How To Teach Saving Money To Preschoolers
Every parent should know how to teach saving money to preschoolers. Preschoolers are at the age where they can understand basic logic and want to learn practical things. Learning to save money is a vital life skill that needs to start as early as possible. A child that understands how to save early on will be more successful at saving as an adult and will have a solid personal finance foundation.
- Start with the classic piggy bank. Preschoolers love putting coins into piggy banks. At this age, children enjoy solving puzzles, and getting a coin to go into a skinny slot is just that. Give your child as many coins as you can find, and have them put their coins in their piggy banks daily.
- Cash out the piggy bank. When the piggy banks gets full, take out some of the coins, and have your preschooler help organize a few coins. Don't take all the coins out, this can be too overwhelming for the child, and for you. Use this as a learning experience to differentiate between pennies, nickels, dimes, quarters, and dollar coins if you have them.
Explain how much each coin is worth. Understanding the amount each coin is worth might be a little advanced for the younger preschoolers, but four and five year olds shouldn't have any problem with it. Line up the coins and show them how much each is worth in relation to one dollar. When they see that it only takes four quarters to make a dollar, yet ten dimes to make a dollar and one hundred pennies, it will show them the relative value of each coin.
- Take the coins to a coin machine. Take your child and his or her coins to a coin machine. Preschoolers love being able to toss the coins in and hear the machine clink away. You'll love seeing home much the coins will add up to be. The fun for the kids is in participating in this basic task. Most banks now have coin machines that do not charge a fee for processing your coins. However, if your bank does not have one, many stores have CoinStar machines that charge anywhere from eight to ten percent per use.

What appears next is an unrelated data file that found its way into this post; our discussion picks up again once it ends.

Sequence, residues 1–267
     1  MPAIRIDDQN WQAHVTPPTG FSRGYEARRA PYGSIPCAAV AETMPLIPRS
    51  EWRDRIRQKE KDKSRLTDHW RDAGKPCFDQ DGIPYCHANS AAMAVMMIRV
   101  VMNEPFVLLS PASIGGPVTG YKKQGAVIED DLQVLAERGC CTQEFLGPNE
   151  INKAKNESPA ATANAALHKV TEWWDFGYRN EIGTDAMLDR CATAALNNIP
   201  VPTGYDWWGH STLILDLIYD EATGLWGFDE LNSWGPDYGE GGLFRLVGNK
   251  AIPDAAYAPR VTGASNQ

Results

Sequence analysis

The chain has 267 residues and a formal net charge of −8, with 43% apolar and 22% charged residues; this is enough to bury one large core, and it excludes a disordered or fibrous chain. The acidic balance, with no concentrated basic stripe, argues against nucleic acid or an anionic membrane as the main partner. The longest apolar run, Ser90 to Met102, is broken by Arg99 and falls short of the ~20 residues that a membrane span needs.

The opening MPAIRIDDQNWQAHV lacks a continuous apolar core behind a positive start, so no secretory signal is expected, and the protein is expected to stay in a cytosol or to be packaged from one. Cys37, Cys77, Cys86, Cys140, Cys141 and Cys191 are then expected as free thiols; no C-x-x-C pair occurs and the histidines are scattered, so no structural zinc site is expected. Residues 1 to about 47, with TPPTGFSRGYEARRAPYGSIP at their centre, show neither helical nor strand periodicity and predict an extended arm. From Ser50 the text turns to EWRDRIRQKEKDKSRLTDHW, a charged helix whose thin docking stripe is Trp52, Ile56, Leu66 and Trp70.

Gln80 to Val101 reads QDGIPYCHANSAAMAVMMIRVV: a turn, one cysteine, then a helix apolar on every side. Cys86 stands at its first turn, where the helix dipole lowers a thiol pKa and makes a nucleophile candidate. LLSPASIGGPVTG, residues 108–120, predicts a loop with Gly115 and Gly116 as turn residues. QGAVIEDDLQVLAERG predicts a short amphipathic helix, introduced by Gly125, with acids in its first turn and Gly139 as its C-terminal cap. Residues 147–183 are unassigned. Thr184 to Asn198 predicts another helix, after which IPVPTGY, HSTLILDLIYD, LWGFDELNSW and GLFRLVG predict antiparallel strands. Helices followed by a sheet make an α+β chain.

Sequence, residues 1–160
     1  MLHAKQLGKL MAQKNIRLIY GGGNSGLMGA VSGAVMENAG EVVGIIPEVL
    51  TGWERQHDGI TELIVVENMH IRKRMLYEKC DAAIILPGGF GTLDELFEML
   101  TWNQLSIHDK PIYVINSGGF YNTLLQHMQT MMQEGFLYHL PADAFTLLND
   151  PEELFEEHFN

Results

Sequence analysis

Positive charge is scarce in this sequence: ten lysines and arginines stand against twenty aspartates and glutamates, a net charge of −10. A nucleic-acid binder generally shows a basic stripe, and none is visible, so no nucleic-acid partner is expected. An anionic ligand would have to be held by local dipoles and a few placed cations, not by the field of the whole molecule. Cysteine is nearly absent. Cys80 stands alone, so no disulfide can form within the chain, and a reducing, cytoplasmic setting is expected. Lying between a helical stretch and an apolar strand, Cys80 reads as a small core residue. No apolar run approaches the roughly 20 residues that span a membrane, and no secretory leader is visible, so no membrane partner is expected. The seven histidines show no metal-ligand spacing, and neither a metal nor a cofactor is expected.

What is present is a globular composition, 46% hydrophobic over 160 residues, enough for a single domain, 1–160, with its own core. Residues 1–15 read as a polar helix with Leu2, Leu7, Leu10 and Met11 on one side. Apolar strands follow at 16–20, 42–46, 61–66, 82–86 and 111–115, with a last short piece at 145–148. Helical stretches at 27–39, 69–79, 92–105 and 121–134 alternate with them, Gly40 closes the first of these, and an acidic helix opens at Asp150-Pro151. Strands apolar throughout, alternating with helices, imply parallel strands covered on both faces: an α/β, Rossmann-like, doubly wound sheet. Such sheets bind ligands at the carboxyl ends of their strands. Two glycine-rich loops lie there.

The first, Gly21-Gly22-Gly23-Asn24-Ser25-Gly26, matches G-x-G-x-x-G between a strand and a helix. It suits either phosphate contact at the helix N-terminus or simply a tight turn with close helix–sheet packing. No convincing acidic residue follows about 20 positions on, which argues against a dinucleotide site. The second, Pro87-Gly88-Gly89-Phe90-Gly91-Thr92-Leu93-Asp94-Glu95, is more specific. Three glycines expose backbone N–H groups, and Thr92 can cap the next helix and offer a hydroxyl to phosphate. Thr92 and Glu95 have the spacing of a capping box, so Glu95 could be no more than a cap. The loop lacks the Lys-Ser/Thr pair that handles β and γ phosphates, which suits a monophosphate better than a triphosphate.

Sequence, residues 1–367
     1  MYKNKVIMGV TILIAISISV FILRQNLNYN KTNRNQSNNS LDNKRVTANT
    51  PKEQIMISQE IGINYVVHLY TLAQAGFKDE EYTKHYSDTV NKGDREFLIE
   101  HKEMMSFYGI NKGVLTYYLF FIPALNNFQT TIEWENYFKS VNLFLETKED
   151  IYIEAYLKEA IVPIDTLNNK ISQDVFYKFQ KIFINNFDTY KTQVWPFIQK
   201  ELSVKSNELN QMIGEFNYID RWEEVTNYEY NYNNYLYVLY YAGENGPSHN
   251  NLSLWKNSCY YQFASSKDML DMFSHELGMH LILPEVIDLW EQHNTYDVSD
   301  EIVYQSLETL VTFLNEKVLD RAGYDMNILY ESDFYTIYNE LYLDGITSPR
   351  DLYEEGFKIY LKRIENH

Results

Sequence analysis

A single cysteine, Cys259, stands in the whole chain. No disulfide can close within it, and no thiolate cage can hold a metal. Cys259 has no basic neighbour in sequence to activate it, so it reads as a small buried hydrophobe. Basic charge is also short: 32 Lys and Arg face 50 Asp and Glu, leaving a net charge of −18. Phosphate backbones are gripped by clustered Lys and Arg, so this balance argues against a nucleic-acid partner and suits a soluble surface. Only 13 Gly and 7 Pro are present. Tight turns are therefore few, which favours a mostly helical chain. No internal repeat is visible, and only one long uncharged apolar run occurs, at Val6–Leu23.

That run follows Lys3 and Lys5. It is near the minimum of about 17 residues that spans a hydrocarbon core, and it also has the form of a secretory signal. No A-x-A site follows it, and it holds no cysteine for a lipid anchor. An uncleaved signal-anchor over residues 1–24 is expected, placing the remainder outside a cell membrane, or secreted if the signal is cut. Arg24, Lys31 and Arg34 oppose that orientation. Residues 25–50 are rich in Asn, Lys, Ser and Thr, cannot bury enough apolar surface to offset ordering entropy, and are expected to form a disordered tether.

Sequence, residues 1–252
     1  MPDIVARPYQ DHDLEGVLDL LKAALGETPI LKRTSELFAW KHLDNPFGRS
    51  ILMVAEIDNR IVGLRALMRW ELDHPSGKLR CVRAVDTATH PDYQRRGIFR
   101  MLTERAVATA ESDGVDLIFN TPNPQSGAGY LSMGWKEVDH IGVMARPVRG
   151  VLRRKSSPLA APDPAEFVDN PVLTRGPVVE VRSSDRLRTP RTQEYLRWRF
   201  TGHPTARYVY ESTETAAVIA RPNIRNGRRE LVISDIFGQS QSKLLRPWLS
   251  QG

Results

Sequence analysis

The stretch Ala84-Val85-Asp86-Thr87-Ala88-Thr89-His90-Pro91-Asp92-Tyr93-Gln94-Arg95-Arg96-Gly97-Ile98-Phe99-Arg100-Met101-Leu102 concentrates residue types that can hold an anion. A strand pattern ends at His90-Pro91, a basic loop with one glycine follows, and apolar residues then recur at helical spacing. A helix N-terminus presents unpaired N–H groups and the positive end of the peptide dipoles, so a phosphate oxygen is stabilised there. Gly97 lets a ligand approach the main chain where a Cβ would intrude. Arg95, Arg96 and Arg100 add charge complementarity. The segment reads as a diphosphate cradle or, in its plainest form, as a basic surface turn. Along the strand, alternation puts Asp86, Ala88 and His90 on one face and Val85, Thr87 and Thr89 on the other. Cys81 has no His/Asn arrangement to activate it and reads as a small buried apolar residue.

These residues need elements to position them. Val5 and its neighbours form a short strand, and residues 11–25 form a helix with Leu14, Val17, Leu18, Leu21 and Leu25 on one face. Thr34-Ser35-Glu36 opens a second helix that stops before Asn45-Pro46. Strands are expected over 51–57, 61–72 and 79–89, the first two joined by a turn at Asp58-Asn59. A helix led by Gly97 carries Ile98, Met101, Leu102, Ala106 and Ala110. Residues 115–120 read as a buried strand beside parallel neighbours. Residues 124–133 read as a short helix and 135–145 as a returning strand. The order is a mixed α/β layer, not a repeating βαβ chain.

- Put the money into the bank. Once you have successfully cashed in all of the coins, head to the teller and put the money in your child's savings account. The beauty of kids accounts is that they don't charge any fees so long as a minimum balance, $5-$10 is always in the account. While your first instinct might be to use the money to buy your child a reward for saving, this leads to the habit of always spending what you save. This is the opposite of what you want to do since it is teaching how to spend instead.
- Keep it simple. Above all, teaching money saving tips to preschoolers should be easy. Piggy bank, sorting, depositing. Once they know the process, they will be more interested in helping and will relate to saving as a normal everyday thing that has to be done. Saving will turn into a wonderful habit.